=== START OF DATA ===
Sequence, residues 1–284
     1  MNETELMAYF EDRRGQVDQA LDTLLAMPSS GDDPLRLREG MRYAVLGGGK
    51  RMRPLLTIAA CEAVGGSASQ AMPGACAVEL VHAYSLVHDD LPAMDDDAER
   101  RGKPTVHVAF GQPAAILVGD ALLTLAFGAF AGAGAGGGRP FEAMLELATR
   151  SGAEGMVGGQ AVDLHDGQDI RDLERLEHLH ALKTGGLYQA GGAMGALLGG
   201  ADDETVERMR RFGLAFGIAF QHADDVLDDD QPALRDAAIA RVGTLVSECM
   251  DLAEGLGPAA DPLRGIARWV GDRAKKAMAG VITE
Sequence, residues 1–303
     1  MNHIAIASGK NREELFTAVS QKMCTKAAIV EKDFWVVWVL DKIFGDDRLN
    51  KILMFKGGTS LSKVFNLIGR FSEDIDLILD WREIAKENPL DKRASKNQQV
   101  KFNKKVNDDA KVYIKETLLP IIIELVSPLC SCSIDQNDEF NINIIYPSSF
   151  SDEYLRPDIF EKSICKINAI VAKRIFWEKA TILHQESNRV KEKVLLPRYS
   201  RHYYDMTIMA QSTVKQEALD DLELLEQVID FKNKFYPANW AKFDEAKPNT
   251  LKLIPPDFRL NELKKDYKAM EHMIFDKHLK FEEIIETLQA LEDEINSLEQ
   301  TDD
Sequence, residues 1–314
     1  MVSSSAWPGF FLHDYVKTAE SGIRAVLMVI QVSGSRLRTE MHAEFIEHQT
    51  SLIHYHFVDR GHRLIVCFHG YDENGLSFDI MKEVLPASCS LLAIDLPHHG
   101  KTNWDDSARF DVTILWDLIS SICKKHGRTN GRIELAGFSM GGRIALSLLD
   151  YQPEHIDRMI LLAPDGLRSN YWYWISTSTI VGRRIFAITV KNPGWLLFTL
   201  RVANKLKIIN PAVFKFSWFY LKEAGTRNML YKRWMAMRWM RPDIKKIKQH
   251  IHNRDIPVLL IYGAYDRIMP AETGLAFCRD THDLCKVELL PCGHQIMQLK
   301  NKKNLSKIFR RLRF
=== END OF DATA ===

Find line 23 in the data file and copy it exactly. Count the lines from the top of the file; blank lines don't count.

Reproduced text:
   301  NKKNLSKIFR RLRF